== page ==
I don't know what the answer is, or if there is one. I just know I don't like it when controversy takes the form of LeBron James' walking off the court without shaking hands or speaking to the media after losing a playoff series. Weird as it was, give me Isiah Thomas and Dennis Rodman diminishing Larry Bird on the basis of his Caucasian-ness any day.

[+] EnlargeCharles Barkley
Nathaniel S. Butler/NBAE/Getty ImagesDon't you wish we had more athletes like Charles Barkley these days? It would make things much more interesting.

If it looks like I'm picking on the LeBron-Kobe-Tiger-Peyton level of athlete, that's not the intent. At the moment, they're the most obvious examples of athletes who have reached the level of fame that leaves them afraid to say something that might damage their own corporate interests. They're afraid to offend anybody.

They're afraid of the media, wary of saying anything that could be construed as controversial or critical because they believe the media are always "trying to start something." They think the media will "blow everything out of proportion." They are understandably wary, but they don't understand the overriding tenet of the relationship between athlete and media: If you are open and honest, occasionally funny and usually available, you can use the media to become a star. That's right: We can be used for your benefit. Ask Charles Barkley. Every beat writer and local broadcaster is dying to have a go-to guy in the clubhouse or locker room, someone who is there with a good quote or a concise summary of what just happened. The smart guys get this, and that's why most of them -- Dave Winfield, Orel Hershiser, John Kruk, Barkley, Magic Johnson -- end up on television.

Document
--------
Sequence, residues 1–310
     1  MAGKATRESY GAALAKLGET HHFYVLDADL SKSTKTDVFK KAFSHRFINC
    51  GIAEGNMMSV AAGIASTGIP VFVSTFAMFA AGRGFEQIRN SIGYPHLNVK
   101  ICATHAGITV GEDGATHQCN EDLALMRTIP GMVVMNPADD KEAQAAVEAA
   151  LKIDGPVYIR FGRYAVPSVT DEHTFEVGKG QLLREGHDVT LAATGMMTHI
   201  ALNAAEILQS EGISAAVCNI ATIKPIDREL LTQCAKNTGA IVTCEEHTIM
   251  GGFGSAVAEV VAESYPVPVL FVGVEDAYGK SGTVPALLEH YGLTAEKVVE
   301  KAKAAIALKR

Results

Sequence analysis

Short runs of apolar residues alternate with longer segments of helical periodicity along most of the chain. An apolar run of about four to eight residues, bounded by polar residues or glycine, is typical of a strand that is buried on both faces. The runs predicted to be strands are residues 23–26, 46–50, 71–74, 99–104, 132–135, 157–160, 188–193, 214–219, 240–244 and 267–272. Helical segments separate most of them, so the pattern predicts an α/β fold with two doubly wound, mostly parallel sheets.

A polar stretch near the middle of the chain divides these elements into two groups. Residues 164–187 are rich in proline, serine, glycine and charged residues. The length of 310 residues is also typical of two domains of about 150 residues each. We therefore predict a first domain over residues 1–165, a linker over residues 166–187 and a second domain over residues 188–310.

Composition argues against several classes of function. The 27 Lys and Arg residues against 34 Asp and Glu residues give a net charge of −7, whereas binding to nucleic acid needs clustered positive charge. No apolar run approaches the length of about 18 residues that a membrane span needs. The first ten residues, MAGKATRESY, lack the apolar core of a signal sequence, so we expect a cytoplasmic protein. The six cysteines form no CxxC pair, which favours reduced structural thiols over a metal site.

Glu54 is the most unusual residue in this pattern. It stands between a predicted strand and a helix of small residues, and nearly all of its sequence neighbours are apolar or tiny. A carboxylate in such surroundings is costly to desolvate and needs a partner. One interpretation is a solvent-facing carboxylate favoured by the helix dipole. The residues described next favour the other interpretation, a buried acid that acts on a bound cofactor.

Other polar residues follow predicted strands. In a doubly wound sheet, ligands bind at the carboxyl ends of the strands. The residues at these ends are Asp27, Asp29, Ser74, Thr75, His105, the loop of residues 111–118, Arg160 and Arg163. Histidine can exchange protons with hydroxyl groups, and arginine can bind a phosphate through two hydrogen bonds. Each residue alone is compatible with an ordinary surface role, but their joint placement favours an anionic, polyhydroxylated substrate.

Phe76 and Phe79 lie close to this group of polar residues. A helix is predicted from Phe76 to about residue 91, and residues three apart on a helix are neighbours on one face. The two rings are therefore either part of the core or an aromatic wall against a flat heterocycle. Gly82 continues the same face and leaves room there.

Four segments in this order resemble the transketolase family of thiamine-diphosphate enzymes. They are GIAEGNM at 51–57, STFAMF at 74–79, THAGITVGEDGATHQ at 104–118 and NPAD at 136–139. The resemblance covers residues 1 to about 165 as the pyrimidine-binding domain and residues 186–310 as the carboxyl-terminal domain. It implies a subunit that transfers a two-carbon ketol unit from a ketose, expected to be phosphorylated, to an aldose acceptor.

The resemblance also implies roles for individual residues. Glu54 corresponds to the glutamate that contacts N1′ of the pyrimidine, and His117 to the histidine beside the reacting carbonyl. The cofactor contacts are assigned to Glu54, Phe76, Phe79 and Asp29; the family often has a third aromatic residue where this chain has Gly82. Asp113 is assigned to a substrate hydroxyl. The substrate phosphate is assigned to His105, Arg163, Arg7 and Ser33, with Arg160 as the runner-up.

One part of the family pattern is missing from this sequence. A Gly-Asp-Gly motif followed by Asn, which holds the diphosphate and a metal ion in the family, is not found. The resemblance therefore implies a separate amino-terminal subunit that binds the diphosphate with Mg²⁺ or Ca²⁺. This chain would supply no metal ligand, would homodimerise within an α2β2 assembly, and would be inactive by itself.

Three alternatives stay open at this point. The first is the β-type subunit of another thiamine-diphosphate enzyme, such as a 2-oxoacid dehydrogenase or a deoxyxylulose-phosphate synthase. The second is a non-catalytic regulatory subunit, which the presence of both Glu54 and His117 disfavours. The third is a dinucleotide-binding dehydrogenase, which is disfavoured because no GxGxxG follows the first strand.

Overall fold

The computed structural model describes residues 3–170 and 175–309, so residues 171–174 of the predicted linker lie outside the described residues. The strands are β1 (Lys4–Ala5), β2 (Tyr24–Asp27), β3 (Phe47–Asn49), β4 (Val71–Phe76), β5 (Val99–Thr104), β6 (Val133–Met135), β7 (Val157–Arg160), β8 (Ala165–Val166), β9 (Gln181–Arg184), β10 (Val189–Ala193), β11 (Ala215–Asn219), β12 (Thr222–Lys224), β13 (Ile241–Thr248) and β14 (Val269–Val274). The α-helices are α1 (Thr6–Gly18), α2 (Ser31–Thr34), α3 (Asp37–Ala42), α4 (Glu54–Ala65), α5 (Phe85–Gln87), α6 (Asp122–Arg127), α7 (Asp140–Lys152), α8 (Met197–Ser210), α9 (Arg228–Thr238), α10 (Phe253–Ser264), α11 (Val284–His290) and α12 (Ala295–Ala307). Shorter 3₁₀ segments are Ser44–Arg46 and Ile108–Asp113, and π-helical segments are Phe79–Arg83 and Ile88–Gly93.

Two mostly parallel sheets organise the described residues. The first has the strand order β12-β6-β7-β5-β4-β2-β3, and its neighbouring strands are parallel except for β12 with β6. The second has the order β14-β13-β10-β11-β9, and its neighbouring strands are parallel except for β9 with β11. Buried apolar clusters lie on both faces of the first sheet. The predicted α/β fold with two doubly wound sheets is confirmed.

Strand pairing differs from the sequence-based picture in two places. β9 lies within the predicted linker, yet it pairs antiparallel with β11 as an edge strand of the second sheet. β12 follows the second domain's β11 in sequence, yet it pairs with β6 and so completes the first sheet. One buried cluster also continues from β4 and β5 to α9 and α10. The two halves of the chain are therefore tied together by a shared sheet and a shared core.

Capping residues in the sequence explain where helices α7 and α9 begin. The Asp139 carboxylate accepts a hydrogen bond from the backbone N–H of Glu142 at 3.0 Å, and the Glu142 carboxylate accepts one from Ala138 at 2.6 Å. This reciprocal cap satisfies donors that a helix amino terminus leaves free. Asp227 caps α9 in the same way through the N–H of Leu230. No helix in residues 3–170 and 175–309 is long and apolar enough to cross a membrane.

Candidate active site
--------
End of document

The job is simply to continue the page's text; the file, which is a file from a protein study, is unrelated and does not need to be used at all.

When he was coach of the Sacramento Kings, Jerry Reynolds was asked about the lingering career of center Duane Causwell. The Kings and their fans waited far longer than was reasonable for the 7-foot Causwell to give them some sign of … well, just about anything. By the mid-'90s, it was clear he wasn't going to give it to them, and the sign that the organization was tired of waiting came from Reynolds, who said, "Sometimes potential becomes notential."

Just four words -- or, more accurately, three words and a nonword -- that said everything that needed to be said, with personality and conclusiveness. It wasn't that long ago, but it's almost unthinkable that an NBA coach would be that honest today. We'd get something like "Duane's working hard to put in the time needed for him to become a productive member of a winning team."

Reynolds isn't a big name, and never was, but he had personality. And what's he doing now? Working as a television commentator.

Other things I wish for:

Just one: I wish for the Bengals to draft Chris Ochocinco, so Chad Ochocinco has to wear a jersey with CHA. OCHOCINCO on the back. My life would be complete.

ESPN The Magazine senior writer Tim Keown co-wrote Josh Hamilton's autobiography, "Beyond Belief: Finding the Strength to Come Back," which is available on Sound off to Tim here.

Tim Keown | email

ESPN Senior Writer